NEW ORLEANS — Someone needs to save the NFL from itself, because the league sure as hell isn't going to do it.
Sunday, the Carolina Panthers made a mockery of the concussion protocol — yes, that newly toughened concussion protocol that was rolled out less than a month ago following the last incident to expose it as a farce, I might add.
After being sacked with 9:12 left in an NFC wild-card game, Cam Newton was hit hard in the head by New Orleans Saints defensive tackle David Onyemata. Newton was slow to get up and then, as he jogged off the field, stopped and dropped to his knees.
He was examined on the sideline, and it was announced he was being evaluated for a concussion. But, lo and behold, four minutes later, Newton was back in the game after missing one play.
The Panthers claimed afterward that their former MVP hadn't actually had a head injury, but that his helmet had slipped forward and pressed into his eye.
“My helmet had came down low enough over my eyelid and it got pressed into the player's stomach, I believe,” Newton said. “I thought maybe somebody stuck his finger in my eye.”
Aside from that being about as believable as “the dog ate my homework” — “Didn't he look a little dazed? A little fazed? He definitely wasn't unfazed,” Saints defensive end Cameron Jordan said — it didn't matter. Once Newton dropped to his knee, he had to be taken to the locker room, according to a new provision in the concussion protocol.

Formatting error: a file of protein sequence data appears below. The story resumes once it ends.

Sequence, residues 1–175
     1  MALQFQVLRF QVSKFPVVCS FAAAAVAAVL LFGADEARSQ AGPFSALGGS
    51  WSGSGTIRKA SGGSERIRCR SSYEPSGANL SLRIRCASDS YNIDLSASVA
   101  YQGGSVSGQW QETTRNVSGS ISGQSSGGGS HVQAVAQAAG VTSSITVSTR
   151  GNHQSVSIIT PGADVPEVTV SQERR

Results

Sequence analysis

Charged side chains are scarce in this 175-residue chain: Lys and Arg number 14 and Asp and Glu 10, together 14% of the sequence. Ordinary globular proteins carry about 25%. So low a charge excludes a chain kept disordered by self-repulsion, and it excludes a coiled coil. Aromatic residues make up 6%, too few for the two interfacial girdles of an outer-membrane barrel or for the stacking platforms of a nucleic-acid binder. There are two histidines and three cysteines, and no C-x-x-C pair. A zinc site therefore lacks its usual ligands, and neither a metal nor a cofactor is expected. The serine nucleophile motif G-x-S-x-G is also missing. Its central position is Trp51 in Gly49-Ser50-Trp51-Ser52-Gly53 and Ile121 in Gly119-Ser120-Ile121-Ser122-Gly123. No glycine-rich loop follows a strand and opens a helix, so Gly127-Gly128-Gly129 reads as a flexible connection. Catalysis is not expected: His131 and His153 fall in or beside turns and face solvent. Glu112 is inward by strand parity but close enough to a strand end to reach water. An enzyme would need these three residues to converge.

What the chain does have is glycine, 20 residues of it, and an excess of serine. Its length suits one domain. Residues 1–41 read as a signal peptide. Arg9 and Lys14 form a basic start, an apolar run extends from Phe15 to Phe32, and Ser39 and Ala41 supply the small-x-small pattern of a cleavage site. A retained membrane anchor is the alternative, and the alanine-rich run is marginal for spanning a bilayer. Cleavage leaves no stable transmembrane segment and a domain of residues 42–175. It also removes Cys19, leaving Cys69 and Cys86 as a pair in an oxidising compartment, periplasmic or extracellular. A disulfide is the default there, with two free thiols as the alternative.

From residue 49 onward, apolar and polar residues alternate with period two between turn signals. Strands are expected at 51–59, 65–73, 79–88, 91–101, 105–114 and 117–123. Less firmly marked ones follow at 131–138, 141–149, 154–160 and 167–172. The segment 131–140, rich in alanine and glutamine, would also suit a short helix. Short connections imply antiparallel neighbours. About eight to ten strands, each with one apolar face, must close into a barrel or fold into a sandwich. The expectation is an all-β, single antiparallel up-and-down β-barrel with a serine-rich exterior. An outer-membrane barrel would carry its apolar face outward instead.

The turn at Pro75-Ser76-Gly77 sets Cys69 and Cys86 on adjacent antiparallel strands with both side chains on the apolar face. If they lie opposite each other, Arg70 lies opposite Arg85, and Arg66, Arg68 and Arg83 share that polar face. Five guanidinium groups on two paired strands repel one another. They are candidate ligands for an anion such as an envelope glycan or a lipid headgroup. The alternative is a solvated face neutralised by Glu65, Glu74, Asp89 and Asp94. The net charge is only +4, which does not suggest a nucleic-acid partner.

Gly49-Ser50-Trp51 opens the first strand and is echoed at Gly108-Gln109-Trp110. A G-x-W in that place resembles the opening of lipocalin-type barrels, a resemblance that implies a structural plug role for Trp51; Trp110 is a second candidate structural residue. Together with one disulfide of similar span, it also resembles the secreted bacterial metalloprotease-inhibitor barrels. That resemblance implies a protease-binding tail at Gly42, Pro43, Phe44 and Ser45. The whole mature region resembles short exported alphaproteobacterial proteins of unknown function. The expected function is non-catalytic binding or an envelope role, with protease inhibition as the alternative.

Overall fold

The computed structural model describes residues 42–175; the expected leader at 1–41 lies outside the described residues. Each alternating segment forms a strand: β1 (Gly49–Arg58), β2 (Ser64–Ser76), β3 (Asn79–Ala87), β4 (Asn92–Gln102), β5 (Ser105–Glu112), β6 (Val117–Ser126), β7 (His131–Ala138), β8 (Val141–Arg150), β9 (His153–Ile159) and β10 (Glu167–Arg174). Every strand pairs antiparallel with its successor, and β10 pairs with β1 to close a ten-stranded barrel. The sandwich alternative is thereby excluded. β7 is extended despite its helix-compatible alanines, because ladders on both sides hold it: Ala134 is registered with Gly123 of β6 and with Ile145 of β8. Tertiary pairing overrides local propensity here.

Here's the exact language: “Require a locker room concussion evaluation for all players demonstrating gross or sustained vertical instability (e.g., stumbling or falling to the ground when trying to stand).”
What part of this is so hard to understand? I get that “sustained vertical instability” is a mouthful, but “stumbling or falling to the ground” ought to clear that up. Better yet, use your eyes. Anyone who watched the play and its aftermath could see that Newton wasn't right.
But it's obvious the NFL doesn't care.
Oh, it'll talk a good game when put on the spot. Like the toughened protocol it implemented following the travesty with Houston Texans quarterback Tom Savage, who was allowed to re-enter a Dec. 10 game despite exhibiting the “fencing position,” an established reaction to a brain injury, at the feet of an official.
Until the NFL starts following its own rules and cracking down on teams who flout them, it's all lip service.
If the NFL is sincere about protecting the long-term health and safety of its players — or even just wants the appearance of it — it needs to dock the Panthers a draft pick. Send a message to them and every other team that keeping a player's brain intact matters more than anything.
Yes, even during a playoff game.
Better yet, put all this in the hands of someone else. Outsource medical decisions during games to athletic trainers and physicians who are not beholden to the league or any of its teams. The spotters in the booth, the neurotrauma consultants, the physicians on the sidelines — all of them should come from an independent group with full, unassailable authority to make decisions on player health and safety.
Cam Newton was hardly the first player failed by the NFL. What's worse is that he won't be the last.